The big shareholder groups in AMD Industries Limited (NSE:AMDIND) have power over the company. Institutions often own shares in more established companies, while it’s not unusual to see insiders own a fair bit of smaller companies. I generally like to see some degree of insider ownership, even if only a little. As Nassim Nicholas Taleb said, ‘Don’t tell me what you think, tell me what you have in your portfolio.
AMD Industries is a smaller company with a market capitalization of ₹258m, so it may still be flying under the radar of many institutional investors. In the chart below, we can see that institutional investors have not yet purchased much of the company. Let’s take a closer look to see what the different types of shareholder can tell us about AMD Industries.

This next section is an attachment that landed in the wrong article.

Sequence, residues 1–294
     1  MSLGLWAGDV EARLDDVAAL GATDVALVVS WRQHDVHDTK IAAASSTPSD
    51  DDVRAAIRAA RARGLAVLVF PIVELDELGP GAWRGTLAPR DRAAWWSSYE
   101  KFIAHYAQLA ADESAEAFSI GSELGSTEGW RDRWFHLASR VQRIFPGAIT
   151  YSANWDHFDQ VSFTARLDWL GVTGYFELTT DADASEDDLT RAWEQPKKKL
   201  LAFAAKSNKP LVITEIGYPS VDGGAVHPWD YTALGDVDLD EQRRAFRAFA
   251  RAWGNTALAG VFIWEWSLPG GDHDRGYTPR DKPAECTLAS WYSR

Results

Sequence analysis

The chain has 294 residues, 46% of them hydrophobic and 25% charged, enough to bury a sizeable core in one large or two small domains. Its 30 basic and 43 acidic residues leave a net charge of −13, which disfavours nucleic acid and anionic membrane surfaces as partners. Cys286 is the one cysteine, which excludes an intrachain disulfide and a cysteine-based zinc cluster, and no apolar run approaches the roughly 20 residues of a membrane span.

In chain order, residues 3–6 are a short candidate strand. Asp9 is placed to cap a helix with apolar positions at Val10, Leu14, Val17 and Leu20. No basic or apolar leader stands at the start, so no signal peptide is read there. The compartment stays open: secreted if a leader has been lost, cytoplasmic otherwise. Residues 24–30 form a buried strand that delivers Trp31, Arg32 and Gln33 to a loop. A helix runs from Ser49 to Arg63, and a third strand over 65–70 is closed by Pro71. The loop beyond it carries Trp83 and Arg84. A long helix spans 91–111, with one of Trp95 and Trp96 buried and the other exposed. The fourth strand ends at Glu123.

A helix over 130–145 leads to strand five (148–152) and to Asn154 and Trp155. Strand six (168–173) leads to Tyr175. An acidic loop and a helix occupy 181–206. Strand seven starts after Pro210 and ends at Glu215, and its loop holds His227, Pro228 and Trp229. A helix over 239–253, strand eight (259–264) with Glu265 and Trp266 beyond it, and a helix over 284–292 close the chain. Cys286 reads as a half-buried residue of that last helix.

What Does The Lack Of Institutional Ownership Tell Us About AMD Industries?
We don’t tend to see institutional investors holding stock of companies that are very risky, thinly traded, or very small. Though we do sometimes see large companies without institutions on the register, it’s not particularly common.
There are many reasons why a company might not have any institutions on the share registry. It may be hard for institutions to buy large amounts of shares, if liquidity (the amount of shares traded each day) is low. If the company has not needed to raise capital, institutions might lack the opportunity to build a position. Alternatively, there might be something about the company that has kept institutional investors away. AMD Industries’s earnings and revenue track record (below) may not be compelling to institutional investors — or they simply might not have looked at the business closely.
AMD Industries is not owned by hedge funds. The company’s CEO Adit Gupta is the largest shareholder with 32% of shares outstanding. The second…